Cabrillo National Monument, on the tip of the Point Loma peninsula, has long been one of the most-visited National Monuments in the country. Even in the covid year of 2020, it came in at No. 5, according to 24/7 Wall Street, with the National Park Service reporting 523,878 visitors, not too far behind the Statue of Liberty (No. 3, with 576,396 visitors). Visitors come to see the spot where Portuguese explorer Juan Rodríguez Cabrillo landed in San Diego Bay on September 28, 1542, the first West Coast visit by a European.

At the very southern point of the monument, past the visitor center, past the huge statue of Cabrillo, and even past the historic Point Loma Lighthouse, is a gray bench that looks out over the water. Have a seat and enjoy the sweeping, majestic view, of a kind you won’t find anywhere else in San Diego. To your left is the downtown skyline, stunted by the Lindbergh Field flight path, but still stately and proud and an affirmation of San Diego’s somewhat reluctant status as a major city. And to your right, to your far, far right, is where the ocean flows into the bay, the two bodies of water separated by a mesmerizing imaginary line that practically begs to be stared at.

Have a seat and enjoy the sweeping, majestic view, of a kind you won’t find anywhere else in San Diego.

For a better perspective, cross over the rope barrier into the patch of dirt surrounded by Coastal Sage, Baccharis Broom, Cliff Spurge, and other native vegetation. On a partially overcast day, the imaginary line springs to life, with the deep blue waters of the bay on one side and the flatter, grayer surface of the ocean on the other. The waters are merely reflective of the sky, but no matter. Back when I was a kid in the early ‘60s, the only child of two German immigrants, there was another bench here, and it was a regular weekend destination for my dad and me. Most every warm Sunday morning, after church, my mom would pack us a pair of liverwurst sandwiches, thick with butter.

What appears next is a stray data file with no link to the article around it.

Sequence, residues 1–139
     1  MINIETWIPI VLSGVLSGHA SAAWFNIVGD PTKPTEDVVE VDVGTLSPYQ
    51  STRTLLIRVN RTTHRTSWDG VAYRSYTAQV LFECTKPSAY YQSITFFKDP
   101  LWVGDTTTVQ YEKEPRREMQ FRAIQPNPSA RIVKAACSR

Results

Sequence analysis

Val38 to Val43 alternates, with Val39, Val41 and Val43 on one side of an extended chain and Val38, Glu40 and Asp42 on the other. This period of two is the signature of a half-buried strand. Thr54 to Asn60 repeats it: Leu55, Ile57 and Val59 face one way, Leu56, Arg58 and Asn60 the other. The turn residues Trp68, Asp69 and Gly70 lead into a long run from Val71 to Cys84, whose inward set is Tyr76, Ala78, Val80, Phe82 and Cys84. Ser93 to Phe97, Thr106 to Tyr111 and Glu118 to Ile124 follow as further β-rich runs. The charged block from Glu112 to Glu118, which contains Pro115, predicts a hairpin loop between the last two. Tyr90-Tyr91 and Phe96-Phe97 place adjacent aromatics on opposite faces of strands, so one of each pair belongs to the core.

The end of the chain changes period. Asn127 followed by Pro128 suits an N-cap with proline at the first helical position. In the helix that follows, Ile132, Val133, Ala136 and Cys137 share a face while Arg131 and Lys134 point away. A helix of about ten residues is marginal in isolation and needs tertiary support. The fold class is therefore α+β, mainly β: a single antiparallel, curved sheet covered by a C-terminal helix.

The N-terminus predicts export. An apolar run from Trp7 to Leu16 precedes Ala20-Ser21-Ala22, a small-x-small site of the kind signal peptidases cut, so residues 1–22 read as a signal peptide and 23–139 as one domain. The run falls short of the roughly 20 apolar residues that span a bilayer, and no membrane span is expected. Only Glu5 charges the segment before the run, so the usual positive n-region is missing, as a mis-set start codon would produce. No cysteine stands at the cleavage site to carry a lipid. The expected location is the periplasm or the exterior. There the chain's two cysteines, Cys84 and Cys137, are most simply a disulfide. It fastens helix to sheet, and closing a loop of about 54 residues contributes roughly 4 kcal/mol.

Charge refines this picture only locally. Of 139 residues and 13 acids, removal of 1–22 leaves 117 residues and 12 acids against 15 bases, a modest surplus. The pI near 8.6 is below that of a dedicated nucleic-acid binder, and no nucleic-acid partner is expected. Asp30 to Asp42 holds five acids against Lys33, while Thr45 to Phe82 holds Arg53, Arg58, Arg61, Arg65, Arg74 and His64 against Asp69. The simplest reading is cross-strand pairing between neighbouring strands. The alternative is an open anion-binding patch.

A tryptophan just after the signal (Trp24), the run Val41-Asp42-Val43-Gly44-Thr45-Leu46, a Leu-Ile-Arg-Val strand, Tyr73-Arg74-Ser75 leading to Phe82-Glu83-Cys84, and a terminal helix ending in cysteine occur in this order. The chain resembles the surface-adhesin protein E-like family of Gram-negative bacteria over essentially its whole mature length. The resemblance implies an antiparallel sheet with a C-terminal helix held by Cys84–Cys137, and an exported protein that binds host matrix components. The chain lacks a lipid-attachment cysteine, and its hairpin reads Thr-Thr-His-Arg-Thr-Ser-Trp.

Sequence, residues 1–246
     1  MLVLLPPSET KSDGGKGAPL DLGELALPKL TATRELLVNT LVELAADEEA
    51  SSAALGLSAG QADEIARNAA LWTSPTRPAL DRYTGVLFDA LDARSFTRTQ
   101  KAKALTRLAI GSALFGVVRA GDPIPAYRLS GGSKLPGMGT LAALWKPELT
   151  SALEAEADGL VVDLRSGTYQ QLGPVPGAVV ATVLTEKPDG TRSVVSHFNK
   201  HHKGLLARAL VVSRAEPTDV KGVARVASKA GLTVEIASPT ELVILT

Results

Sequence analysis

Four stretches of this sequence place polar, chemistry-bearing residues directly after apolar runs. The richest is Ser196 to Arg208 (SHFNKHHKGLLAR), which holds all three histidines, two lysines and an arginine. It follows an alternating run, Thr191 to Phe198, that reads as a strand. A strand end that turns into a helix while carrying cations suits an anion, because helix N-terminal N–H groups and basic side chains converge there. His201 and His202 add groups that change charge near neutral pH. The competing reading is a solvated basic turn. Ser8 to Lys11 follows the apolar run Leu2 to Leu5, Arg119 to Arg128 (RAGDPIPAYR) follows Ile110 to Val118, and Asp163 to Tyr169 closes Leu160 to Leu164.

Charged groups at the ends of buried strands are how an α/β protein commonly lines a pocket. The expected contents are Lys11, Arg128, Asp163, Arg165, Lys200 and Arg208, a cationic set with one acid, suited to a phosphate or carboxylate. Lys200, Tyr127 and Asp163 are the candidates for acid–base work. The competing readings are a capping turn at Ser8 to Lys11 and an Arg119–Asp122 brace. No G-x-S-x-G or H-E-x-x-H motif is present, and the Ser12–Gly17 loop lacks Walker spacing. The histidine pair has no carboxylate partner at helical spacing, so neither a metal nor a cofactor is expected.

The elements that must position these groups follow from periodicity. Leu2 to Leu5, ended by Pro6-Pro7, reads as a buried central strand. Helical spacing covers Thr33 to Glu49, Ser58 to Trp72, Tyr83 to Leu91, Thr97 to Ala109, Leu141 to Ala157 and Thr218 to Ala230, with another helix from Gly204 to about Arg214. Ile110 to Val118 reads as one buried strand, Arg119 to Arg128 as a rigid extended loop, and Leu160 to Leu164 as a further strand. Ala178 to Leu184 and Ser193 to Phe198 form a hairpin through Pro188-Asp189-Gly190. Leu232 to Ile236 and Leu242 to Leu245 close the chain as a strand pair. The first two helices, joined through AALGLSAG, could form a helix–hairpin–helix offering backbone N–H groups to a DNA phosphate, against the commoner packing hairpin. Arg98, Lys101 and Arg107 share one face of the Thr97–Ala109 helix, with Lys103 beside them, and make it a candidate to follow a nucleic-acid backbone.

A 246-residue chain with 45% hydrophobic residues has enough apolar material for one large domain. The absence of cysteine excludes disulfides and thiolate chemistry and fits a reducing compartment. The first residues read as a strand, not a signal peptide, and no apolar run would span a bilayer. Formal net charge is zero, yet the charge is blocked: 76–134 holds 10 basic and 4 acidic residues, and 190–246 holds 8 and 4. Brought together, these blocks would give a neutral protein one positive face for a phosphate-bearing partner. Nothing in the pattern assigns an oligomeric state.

Place

Cabrillo National Monument

1800 Cabrillo Memorial Drive, San Diego

My dad and I would hop into his white 1956 Chevrolet sedan and we’d drive from our home on the very northern tip of Catalina Boulevard — the house was razed in 1991 to make room for a new Nimitz Boulevard offramp — to visit this very special place. We’d walk around the lighthouse, check out the old searchlight bunkers and gun batteries built by the military between the First and Second World Wars, take in a section of the old Nature Trail that hugged the western ridgetop, and then head to our bench to eat and gaze. Back then, you could drive along the narrow asphalt path that now wraps around the lighthouse and park alongside the curb. I don’t know if we parked where we did because of the bench, or if we settled on this bench because there was parking; nor do I remember what we talked about, or even if we talked about anything. About all I remember are those sandwiches, and my dad’s Mennen aftershave, and a much-smaller skyline, and that marvelous, magical imaginary line where the ocean flows into the bay.

— Thomas K. Arnold

Best Place to Find the Center

I was standing in a hilltop colonia in TJ, looking down at the effects of heavy flooding, and at how many homemade houses had slid in the mud after the latest rains. This house had fared better. It was built better. But the hillside still fell away abruptly. Tenuous.